PUHI — Makani Brun was thrilled to be able to make a mountain and have the power to make it rain on that mountain.
“She could be here the whole day,” said Mahealani Contrades-Brun, Kalaheo Elementary School Parent Community Networking coordinator, and Makani’s mother. “She is really into technology and doesn’t want to leave.”
Brun, a student at the Chiefess Kamakahelei Middle School, was enjoying the Augmented Reality Sandbox constructed by the Kauai Community College Cognition Center and was joined by the giant traveling map on loan from the National Geographic Society through the courtesy of the MEDA Women in Technology Project.
“I took one of these Geographic Information Systems courses,” said Major Victor Aguilar, director of the Waimea High School JrROTC program. “The software is free, you just need to build it. But we can use these programs for some of the JrROTC training programs like creating topographic maps.”
Brian Yamamoto of the Cognition Center said the program involves depth and height sensoring and the projector emits the proper signal marking different height levels. The students make it rain by creating a shadow over an area, and the projector shows water.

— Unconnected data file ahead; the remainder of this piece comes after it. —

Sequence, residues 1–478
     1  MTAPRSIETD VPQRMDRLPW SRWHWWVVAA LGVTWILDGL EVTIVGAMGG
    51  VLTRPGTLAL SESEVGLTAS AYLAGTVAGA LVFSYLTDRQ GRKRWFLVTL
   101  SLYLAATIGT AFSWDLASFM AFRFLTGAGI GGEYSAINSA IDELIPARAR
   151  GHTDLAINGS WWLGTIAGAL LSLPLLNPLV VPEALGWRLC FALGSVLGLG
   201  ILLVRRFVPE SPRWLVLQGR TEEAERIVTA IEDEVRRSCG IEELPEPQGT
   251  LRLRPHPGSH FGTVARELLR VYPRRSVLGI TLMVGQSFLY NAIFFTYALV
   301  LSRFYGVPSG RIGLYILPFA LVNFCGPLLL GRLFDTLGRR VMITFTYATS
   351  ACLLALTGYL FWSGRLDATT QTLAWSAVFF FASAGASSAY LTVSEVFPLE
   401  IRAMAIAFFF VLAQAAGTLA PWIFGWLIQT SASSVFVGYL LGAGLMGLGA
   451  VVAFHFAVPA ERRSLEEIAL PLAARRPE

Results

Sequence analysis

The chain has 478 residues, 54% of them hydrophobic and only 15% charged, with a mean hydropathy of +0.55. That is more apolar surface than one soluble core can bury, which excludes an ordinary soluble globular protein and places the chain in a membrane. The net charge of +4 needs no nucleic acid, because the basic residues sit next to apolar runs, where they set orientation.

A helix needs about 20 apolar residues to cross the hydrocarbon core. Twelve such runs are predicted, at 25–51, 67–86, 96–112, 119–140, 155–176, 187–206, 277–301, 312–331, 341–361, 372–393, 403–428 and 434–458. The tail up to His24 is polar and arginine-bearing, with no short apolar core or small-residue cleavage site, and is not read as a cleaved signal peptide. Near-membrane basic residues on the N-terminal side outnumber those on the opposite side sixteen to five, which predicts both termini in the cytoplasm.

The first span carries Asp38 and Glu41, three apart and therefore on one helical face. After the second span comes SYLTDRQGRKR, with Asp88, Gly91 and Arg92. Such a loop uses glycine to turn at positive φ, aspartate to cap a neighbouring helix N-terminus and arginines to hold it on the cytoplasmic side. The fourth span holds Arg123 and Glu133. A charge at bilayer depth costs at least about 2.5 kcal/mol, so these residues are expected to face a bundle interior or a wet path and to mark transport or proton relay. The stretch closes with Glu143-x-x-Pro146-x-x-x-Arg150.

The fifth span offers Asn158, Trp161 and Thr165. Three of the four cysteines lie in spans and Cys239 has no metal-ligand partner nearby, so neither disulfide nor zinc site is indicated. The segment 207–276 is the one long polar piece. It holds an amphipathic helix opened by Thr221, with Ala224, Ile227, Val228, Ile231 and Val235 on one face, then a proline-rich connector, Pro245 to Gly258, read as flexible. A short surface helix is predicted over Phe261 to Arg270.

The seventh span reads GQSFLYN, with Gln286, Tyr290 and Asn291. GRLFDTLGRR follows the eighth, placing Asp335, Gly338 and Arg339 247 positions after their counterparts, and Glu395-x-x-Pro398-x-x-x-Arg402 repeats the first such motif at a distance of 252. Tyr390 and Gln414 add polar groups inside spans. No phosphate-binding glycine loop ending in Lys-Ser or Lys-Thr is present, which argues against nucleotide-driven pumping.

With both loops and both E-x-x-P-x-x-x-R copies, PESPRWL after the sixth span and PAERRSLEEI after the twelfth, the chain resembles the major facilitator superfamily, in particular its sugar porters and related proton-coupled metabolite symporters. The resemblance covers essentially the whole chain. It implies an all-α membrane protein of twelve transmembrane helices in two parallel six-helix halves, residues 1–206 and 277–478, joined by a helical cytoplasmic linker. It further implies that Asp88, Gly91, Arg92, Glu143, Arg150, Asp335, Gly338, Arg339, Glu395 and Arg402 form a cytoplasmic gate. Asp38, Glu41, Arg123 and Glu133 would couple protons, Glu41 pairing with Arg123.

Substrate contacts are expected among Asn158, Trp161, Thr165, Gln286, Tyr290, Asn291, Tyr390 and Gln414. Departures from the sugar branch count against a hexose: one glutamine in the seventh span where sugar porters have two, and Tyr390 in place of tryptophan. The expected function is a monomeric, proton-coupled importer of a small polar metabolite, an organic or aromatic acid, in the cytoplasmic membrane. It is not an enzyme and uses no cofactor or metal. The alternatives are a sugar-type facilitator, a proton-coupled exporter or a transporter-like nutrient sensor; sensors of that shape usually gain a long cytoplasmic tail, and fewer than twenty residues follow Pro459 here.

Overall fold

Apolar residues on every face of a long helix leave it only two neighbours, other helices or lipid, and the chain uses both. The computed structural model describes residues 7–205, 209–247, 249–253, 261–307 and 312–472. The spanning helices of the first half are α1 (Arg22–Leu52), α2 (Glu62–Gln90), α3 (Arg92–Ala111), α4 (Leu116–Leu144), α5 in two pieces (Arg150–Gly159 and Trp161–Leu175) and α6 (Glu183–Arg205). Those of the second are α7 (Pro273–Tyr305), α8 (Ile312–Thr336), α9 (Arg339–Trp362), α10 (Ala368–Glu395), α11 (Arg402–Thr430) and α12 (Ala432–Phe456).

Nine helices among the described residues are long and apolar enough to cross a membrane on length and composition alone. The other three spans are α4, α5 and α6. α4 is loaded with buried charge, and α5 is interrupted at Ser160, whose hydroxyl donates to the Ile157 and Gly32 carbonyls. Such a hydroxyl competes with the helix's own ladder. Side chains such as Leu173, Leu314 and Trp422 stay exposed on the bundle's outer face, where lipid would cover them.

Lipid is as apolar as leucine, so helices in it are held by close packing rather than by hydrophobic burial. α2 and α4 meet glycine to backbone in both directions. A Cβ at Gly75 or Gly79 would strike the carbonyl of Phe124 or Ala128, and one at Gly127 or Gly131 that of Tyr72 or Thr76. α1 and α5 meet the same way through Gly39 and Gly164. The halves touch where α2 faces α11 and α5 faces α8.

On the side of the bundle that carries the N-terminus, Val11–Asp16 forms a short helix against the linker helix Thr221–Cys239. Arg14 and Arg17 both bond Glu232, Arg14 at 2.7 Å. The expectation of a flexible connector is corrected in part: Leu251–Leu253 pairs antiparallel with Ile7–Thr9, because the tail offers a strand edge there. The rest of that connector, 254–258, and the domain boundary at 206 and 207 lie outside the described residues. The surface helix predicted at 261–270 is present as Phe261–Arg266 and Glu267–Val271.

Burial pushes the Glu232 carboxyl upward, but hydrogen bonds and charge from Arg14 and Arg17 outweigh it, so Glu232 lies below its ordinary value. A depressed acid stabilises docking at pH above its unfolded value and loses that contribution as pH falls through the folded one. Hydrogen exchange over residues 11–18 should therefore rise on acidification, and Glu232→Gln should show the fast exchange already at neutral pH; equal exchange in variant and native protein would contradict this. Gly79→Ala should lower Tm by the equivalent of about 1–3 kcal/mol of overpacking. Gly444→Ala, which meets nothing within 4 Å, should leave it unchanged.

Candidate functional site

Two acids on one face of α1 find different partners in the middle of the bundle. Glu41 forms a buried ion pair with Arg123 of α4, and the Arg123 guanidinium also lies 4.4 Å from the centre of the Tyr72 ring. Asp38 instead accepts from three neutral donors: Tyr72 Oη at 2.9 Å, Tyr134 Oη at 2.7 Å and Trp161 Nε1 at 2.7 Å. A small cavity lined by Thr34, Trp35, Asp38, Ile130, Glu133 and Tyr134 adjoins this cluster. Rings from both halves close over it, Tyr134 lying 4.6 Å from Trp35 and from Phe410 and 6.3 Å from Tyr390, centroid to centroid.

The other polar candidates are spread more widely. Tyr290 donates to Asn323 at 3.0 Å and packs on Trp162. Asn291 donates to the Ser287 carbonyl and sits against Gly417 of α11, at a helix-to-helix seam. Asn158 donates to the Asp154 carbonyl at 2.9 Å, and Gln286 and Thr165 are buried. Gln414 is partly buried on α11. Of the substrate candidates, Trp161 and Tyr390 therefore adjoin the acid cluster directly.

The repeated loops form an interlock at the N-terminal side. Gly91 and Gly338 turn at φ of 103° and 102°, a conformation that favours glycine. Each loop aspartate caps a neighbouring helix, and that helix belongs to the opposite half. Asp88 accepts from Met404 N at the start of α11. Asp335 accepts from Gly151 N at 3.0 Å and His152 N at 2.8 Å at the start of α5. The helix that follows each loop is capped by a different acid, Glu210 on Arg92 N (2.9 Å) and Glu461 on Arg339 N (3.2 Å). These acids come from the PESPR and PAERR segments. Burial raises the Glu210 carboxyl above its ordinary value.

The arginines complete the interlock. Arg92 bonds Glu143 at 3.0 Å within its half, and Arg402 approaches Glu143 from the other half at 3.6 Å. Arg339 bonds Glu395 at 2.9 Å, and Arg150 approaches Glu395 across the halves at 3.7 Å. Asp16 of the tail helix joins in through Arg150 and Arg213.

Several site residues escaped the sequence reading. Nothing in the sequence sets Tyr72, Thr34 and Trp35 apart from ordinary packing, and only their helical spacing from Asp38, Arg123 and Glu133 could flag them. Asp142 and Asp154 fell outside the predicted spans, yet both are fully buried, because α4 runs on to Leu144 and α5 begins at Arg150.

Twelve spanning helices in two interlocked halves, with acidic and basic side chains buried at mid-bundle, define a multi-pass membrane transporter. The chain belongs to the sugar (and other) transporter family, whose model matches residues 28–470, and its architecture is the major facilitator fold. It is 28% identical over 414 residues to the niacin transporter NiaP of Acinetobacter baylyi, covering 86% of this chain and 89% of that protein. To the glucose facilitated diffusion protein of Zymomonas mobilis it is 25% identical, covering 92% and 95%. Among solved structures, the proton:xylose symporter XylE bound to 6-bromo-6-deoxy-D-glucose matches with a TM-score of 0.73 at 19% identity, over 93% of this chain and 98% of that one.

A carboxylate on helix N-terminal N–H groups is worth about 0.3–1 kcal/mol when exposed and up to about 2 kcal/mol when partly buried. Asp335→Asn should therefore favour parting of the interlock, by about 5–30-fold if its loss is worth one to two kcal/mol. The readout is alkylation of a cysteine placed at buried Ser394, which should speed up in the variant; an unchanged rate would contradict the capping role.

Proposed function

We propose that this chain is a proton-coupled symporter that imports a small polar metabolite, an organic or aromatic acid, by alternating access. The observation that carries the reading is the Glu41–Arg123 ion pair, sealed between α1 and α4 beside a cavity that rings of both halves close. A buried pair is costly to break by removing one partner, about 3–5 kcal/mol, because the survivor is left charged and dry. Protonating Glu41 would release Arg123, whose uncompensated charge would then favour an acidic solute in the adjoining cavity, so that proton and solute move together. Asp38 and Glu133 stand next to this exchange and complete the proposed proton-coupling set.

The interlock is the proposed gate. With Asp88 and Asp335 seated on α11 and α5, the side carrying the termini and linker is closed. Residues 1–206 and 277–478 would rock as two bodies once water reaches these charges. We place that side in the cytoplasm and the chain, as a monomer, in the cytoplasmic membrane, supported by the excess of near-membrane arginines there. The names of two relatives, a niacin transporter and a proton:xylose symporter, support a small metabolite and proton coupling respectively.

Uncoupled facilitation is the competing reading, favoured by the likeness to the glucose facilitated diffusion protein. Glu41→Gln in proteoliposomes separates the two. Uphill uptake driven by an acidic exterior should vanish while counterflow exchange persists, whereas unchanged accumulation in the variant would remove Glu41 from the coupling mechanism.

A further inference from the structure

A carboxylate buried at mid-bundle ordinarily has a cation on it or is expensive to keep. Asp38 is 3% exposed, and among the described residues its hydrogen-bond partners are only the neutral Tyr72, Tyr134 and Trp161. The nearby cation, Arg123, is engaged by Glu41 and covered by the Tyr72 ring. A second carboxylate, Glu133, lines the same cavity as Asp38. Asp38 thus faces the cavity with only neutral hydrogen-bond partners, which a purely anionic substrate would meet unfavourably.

The open house at the Kauai Community College was intended to provide information about the professional opportunities available to those who receive training to become GIS analysts. According to the U.S. Bureau of Labor Statistics, employment of surveyors, cartographers, photogrammetrists, and surveying and mapping technicians is expected to grow through 2018.
Kauai Community College received a grant to develop new courses in geography and GIS. These science, technology, engineering and math-based courses will provide students with skills in demand.
Yamamoto said with the declining interest in geography, the GIS approach rekindles interest.
“This is hands-on,” said Annika Wilczewski, instructor for the GIS courses. “It combines technology with the traditional maps and this combination appeals to the young students who are very aware of technology.”
Lyn McNutt of Kauai Community College, said she has been involved with map-making for more than 30 years, and never imagined how technology could impact the craft.